C The slow growth of household income in Charles County and its widening gap in comparison with competing jurisdictions has contributed to lower levels of sales and falling prices.

The key to strengthening the housing market in Charles County is the accelerated development of the local economy by: (1) shifting the County’s employment structure to higher paying jobs; (2) establishing an identifiable County image and comparative advantage for the attraction of businesses having regional and national markets; (3) linking the County’s economic future more strongly to the Washington region’s dynamic sectors; and (4) continuing to enhance the County’s qualities of life and its urban infrastructure to provide a competitive environment for residential and business development.

The economic trends reflected in the near-term forecasts presented in this report are not set in stone; these can be altered by continued economic development efforts. Aggressive promotion of the County’s economic development to build a stronger and more productive employment base will go a long way to resolving the current weakness in the County’s housing market.

Table 1

Gross County Product

1990 - 2005

Charles County, MD

(in billions of 1992 dollars)

Charles County, MD

Suburban MD

Region

Calvert

Prince William

Year

GCP

% Change

% Change

% Change

County

County

1.464

1990

1.522

4.00

0.12

-0.38

2.86

-1.00

1991

1.526

0.25

-1.87

-0.61

-0.19

-1.44

1992

1.558

2.08

-0.28

1.08

3.00

2.39

1993

1.652

6.00

3.07

3.51

7.98

5.77

1994

1.725

4.41

3.38

2.28

6.24

4.45

1995

1.789

4.41

3.54

2.02

3.20

3.17

1996

1.860

4.00

2.98

2.26

3.94

4.62

1997

1.950

4.83

1.79

1.55

5.39

5.53

1998

2.046

4.93

2.23

2.00

5.09

5.61

1999

2.151

5.13

2.10

1.93

4.95

5.33

2000

2.252

4.70

2.48

2.30

5.07

5.47

2001

2.355

4.57

2.32

2.41

4.69

5.36

2002

2.473

5.02

2.65

2.36

4.85

5.24

2003

2.570

3.93

2.45

2.33

4.70

5.09

2004

2.686

4.50

2.68

2.45

4.57

5.02

2005

2.797

4.12

2.37

2.36

4.45

4.88

Source:

Center for Regional Analysis, George Mason University, Fairfax, VA



Table 2

Employment and Population Trends

1990 - 2005

Charles County, MD

(in thousands)

Employment

Population

# D

% D

# D

% D

Year

Number

5-Year

5-Year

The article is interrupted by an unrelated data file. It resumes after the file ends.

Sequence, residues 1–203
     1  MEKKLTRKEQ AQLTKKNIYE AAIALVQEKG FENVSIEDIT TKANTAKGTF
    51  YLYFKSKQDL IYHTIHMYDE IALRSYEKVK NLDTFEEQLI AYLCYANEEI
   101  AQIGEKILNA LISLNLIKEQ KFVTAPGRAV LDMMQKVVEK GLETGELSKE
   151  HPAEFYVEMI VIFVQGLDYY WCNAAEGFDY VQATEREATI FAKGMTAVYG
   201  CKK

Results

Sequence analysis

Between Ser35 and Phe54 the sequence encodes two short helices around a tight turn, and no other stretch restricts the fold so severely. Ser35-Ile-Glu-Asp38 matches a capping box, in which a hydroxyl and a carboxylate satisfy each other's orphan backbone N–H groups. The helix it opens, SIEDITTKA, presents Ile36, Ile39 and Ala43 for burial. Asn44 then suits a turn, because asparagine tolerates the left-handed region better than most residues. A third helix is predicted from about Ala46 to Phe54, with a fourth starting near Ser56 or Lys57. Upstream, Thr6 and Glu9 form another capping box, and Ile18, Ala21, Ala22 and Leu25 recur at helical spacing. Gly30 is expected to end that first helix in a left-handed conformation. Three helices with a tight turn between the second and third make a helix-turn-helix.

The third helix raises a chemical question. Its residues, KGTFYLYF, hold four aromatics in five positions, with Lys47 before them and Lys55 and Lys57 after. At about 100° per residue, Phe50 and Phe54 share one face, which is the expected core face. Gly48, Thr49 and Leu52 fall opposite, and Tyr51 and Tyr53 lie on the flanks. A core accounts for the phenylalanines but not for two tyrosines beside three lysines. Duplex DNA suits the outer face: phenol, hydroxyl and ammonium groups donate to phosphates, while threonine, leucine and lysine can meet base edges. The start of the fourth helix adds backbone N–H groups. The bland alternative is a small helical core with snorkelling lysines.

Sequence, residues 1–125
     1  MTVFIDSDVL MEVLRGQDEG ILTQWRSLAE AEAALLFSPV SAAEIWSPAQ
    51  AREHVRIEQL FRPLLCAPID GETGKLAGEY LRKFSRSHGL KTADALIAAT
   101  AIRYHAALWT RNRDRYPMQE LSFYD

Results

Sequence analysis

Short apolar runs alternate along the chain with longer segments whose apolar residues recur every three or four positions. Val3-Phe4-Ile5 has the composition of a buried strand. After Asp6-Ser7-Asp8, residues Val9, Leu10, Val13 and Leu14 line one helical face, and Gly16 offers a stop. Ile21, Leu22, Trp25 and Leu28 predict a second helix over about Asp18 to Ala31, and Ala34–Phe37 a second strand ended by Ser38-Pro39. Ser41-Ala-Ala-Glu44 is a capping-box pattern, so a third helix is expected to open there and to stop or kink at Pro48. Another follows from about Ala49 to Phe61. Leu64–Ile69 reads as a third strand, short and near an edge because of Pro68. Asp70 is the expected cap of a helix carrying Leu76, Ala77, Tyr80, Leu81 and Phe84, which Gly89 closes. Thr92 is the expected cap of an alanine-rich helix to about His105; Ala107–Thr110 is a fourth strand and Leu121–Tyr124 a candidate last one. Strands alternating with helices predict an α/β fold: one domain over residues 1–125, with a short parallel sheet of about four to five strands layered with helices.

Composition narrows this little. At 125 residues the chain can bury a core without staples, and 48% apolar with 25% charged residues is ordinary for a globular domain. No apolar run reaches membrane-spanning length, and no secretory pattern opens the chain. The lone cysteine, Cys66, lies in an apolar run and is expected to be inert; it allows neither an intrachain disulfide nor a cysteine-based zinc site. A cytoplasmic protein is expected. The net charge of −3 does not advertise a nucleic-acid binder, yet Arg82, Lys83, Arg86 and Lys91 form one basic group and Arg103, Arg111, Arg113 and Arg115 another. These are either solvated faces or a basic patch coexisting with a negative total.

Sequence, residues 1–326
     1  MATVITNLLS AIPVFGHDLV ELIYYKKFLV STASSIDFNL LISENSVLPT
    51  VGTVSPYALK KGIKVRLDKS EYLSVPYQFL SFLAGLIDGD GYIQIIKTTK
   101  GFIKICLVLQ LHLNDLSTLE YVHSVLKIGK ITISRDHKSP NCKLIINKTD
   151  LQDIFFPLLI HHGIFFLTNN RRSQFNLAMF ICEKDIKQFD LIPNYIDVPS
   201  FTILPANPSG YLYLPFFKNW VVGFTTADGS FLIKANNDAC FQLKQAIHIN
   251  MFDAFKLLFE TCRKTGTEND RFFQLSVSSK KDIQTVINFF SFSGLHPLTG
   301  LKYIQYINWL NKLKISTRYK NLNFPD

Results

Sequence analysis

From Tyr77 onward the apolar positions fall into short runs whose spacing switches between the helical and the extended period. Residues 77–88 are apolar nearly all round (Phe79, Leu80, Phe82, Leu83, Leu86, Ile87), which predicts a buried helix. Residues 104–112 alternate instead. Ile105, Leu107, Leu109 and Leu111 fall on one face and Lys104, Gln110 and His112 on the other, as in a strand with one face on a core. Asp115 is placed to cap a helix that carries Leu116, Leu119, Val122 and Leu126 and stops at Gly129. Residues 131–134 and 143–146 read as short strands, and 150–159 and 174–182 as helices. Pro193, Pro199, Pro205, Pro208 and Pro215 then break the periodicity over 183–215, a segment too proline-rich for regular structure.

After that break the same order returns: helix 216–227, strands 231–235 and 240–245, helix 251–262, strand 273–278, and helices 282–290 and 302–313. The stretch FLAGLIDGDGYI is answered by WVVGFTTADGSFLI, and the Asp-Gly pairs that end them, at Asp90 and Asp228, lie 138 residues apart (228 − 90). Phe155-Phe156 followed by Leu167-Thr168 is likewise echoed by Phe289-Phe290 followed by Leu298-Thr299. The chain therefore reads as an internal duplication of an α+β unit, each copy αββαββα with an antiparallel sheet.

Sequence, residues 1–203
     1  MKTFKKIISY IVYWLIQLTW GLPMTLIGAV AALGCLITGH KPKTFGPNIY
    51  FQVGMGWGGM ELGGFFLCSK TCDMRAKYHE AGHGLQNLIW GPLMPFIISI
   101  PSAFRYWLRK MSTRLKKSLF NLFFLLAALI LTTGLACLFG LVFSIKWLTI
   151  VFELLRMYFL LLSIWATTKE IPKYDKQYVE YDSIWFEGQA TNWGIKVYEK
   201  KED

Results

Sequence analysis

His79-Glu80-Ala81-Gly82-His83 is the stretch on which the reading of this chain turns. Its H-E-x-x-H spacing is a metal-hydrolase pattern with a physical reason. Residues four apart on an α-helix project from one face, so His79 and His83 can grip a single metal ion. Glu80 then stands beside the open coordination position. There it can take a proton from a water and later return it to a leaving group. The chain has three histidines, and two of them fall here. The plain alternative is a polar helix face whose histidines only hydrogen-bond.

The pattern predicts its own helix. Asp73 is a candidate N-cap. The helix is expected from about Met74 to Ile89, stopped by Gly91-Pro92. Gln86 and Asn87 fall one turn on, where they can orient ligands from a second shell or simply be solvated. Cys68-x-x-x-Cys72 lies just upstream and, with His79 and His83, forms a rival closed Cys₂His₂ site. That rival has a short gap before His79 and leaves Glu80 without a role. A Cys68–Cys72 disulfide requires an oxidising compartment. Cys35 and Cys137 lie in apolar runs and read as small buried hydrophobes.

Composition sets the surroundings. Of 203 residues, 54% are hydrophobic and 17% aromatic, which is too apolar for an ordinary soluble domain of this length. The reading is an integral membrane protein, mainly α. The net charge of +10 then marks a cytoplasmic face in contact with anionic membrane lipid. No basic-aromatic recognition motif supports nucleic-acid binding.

Number

5-Year

5-Year

1990

38.7

101.2

1995

44.6

5.9

15.2

111.1

9.9

9.8

2000

50.6

6.0

13.4

123.2

12.1

10.9

2005

54.4

3.8

7.5

136.7

13.5

11.0

Note:

D =

change

Source:

Metropolitan Washington Council of Governments Round 6a Cooperative Forecast



Table 3

Employment to Populations Ratios

1995 - 2005

Selected Counties in the Washington Metropolitan Region

Suburban Maryland

Virginia

Overall

Prince

Prince

Year

Charles

Calvert

Frederick

Montgomery

George's

William

Region

1990

0.38

0.35

0.36

0.61

0.42

0.35

0.63

1995

0.40

0.34

0.39

0.57

0.39

0.34

0.61

2000

0.41

0.33

0.42

0.58

0.40

0.34

0.62

2005

0.40

0.32

0.44

0.59

0.42

0.36

0.63

Note:

Prince William County includes independent cites

Source:

Metropolitan Washington Council of Governments Round 6a Cooperative Forecast



Table 4

Employment Change

1985 - 1997

Charles County, MD and the Washington Area*

(in thousands of jobs)

Charles County, MD

Washington Area*

Sector

# D

% D

% D

Construction

2.02

69.42

15.61

Manufacturing

0.93

136.76

1.93

TCPU

0.58

46.40

35.02

Trade

7.47

113.99

25.17

FIRE

0.86

54.80

17.80

Services

7.43

30.81

53.48

Government

0.67

8.76

2.84

Federal

-0.16

-5.33

-4.68

State & Local

0.88

23.85

21.66

Total**

19.76

71.75

26.58

Note:

D

means change

*

Washington Area means the PMSA

**

includes self-employed and proprietorships and farms. Not all sectors shown separately.

Source:

NPA Data Services, Inc.; U.S. Bureau of Economic Analysis



Table 5

Employment Structure

1985 and 1997

Charles County, MD and the Washington Area*

(percent distribution)

Charles County, MD

Washington Area*

Sector

1985

1997

1985

1997

Total Number of Jobs**

27,540

47,300

2,496,280

3,159,790

Total Percentage

100.00

100.00

100.00

100.00

Farm

3.78

1.18

0.66

0.37

Non-Farm

96.22

98.82

99.34

99.63

Private

68.48

81.27

72.44

77.77

Construction

10.57

10.42

5.85

5.34

Manufacturing

2.47

3.40

4.09

3.29

TCPU

4.54

3.87

4.18

4.46

Trade

23.86

29.68

17.62

17.43

FIRE

5.70

5.14

7.69

7.16

Services

20.62

27.72

32.08

38.9

Government

27.74

17.57

26.90

21.85

Federal

10.89

6.00

14.82

11.16

Military

3.45

1.90

3.73

2.67

State & Local

13.40

9.66

8.34

8.02

Note:

* Washington Area means the PMSA

** actual number including self-employed and proprietorships.

TCPU = Transportation, Communications and Public Utilities

FIRE = Finance, Insurance and Real Estate

Source:

NPA Data Services, Inc.; U.S. Bureau of Economic Analysis



Table 6

Average Earnings for Selected Sectors

1985 and 1997

Charles County, MD and the Washington Area*

(in constant 1992 dollars)

Charles County, MD

Washington Area*

Sector

1985

1997

% D

1985

1997

% D

All Jobs**

$21,726

$21,957

1.1

$30,155

$33,218

10.2

Construction

$29,478

$27,834

-5.6

$32,525

$30,676

-5.7

Manufacturing

$24,500

$32,404

32.3

$38,376

$43,836

14.2

TCPU

$29,184

$29,180

0.0

$44,477

$43,373

-2.5

Trade

$19,788

$15,069

-23.8

$22,530

$21,596

-4.1

FIRE

$10,815

$19,918

84.2

$18,677